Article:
Scientific strides in HIV treatment and prevention have reduced transmissions and HIV-related deaths significantly in the United States in the past two decades. However, despite coordinated national efforts to implement HIV services, the epidemic persists, especially in the South. It also disproportionately impacts marginalized groups, such as Black/African-American and Latinx communities, women, people who use drugs, men who have sex with men, and other sexual and gender minorities. Following the release of the HIV National Strategic Plan and marking two years since the launch of the Ending the HIV Epidemic: A Plan for America (EHE)—a U.S. Department of Health and Human Services initiative to reduce new HIV transmissions by at least 90% by 2030—researchers, advocates, and other stakeholders reported on the HIV epidemic response in The Lancet HIV in the USA Series, published online today.
Several Fenway Institute faculty members were co-authors on the Lancet series, including Kenneth Mayer, MD, Medical Research Director and Co-Chair; Matthew Mimiaga, ScD, Senior Research Scientist and Director of the Division of Epidemiology and Global Health Research; Sari Reisner, ScD, Research Scientist; and Steven Safren, PhD, Affiliated Investigator.
“This special issue of The Lancet highlights the reality that we still have a long way to go in addressing another pandemic, HIV, in America,” said Dr. Mayer. “We have an increasing array of biological interventions to improve people’s lives and to limit HIV spread, but the failure to attend to the social and structural factors that potentiate risk – ranging from institutional racism, homophobia, and poverty to depression and substance use – have limited the impact of new prevention modalities.”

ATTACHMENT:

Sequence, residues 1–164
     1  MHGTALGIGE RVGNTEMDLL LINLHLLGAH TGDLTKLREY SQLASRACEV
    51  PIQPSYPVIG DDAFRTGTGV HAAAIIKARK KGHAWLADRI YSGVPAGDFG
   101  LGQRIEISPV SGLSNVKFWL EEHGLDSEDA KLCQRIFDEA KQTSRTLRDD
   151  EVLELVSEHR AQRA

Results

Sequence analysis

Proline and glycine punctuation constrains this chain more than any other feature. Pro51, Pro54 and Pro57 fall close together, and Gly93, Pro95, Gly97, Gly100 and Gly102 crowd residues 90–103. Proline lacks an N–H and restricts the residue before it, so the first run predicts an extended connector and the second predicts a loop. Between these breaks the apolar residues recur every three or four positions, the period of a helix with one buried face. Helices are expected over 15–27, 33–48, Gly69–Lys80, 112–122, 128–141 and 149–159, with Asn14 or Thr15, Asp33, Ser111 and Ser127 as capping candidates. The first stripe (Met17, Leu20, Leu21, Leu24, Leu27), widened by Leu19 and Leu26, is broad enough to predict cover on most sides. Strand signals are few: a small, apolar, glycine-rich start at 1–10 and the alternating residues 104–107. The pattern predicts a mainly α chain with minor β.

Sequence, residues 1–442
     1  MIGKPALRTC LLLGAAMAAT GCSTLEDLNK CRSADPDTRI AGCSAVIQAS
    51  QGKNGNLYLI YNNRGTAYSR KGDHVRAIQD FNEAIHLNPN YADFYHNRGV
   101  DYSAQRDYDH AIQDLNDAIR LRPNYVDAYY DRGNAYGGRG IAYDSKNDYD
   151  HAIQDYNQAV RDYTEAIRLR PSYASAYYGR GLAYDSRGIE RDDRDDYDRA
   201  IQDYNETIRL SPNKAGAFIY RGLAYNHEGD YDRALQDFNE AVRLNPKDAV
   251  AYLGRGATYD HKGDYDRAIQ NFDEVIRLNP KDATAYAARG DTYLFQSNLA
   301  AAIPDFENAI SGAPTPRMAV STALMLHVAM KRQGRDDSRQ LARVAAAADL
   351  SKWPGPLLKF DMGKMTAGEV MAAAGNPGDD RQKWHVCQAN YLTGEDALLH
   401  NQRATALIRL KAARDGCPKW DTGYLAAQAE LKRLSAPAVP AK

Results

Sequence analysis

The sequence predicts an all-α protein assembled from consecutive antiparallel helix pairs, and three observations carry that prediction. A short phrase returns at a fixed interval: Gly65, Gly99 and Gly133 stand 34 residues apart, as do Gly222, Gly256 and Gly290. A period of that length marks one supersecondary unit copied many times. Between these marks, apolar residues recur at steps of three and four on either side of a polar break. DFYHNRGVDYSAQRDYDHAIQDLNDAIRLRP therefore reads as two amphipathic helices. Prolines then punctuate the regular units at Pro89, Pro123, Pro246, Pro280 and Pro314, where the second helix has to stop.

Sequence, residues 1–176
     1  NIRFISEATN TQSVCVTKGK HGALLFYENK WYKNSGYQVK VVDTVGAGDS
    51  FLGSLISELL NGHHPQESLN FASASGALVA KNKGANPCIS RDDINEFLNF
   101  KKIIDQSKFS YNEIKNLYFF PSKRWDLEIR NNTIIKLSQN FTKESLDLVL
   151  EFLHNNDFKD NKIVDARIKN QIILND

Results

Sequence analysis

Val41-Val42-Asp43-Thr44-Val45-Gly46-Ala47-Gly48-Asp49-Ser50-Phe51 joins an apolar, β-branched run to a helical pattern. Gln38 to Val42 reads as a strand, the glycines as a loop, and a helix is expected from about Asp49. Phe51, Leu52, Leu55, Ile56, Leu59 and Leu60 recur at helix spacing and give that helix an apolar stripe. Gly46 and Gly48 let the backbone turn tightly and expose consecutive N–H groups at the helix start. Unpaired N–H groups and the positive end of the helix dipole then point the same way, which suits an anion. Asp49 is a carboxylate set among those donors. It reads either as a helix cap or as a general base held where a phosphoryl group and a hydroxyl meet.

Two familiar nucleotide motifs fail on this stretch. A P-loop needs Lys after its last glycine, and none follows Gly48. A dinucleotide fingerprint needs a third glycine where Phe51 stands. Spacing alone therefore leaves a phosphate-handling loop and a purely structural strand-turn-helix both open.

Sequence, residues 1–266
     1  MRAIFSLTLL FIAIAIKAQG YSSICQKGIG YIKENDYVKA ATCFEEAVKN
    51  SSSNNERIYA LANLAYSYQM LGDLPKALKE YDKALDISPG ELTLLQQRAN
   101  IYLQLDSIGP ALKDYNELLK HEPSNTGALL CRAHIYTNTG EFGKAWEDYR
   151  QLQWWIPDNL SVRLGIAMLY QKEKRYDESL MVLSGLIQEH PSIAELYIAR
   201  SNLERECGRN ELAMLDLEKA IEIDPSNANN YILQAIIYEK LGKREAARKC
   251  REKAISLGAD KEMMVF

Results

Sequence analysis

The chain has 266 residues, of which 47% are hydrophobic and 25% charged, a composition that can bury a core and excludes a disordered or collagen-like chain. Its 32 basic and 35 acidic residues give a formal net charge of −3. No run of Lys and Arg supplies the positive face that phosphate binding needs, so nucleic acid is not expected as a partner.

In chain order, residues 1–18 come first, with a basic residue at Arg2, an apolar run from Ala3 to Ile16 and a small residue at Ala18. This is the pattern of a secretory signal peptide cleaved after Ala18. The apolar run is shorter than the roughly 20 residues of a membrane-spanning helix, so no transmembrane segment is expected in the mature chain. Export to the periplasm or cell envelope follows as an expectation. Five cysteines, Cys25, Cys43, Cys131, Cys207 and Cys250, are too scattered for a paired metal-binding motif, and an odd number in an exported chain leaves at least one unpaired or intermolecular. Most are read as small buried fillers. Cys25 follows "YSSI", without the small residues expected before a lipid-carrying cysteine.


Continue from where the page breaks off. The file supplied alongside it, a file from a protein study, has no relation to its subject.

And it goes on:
Literature reviews, commentaries, and data analyses in the series outline recommendations to overcome barriers to implementing HIV services, such as counseling, testing, treatment, pre-exposure prophylaxis (PrEP), and syringe services programs. These services are critical to preventing new HIV transmissions and helping people living with HIV achieve and maintain a “durably undetectable” viral load (the amount of HIV in the blood). Maintaining an undetectable viral load both preserves individual health and eliminates the risk of sexually transmitting the virus to others, a concept known as Undetectable = Untransmittable (U=U). By leveraging these services and addressing structural barriers, the experts argued, the EHE goals remain attainable and important, even as the COVID-19 pandemic presents new challenges and exacerbates existing health disparities.
The series was funded in part by the National Institute on Drug Abuse (NIDA), part of the National Institutes of Health within HHS. The authors received additional support from the NIH-funded Centers for AIDS Research and NIH’s National Institute of Allergy and Infectious Diseases (NIAID).
“Scientific advances have transformed the course of HIV in individuals. To transform the course of the epidemic, we need to expand care and prevention strategically to those who need it most,” said NIDA Director Nora D. Volkow, M.D. “That means taking a hard look at who has been excluded from services and take immediate steps to overcome systemic barriers like stigma, structural racism, and other forms of discrimination to connect hardly reached people — such as individuals with substance use disorders — with HIV testing, prevention, and treatment.”
The series’ authors recommend allocating resources to the areas and populations most hard-hit by the HIV epidemic, especially the U.S. South, where 52% of new HIV transmissions occurred in 2018 despite being home to only 37% of the U.S. population. The recommendation echoes a key EHE strategy to prioritize the 57 counties, U.S. territories, and states in which more than half of U.S. HIV transmissions occurred in 2016 and 2017 for targeted interventions.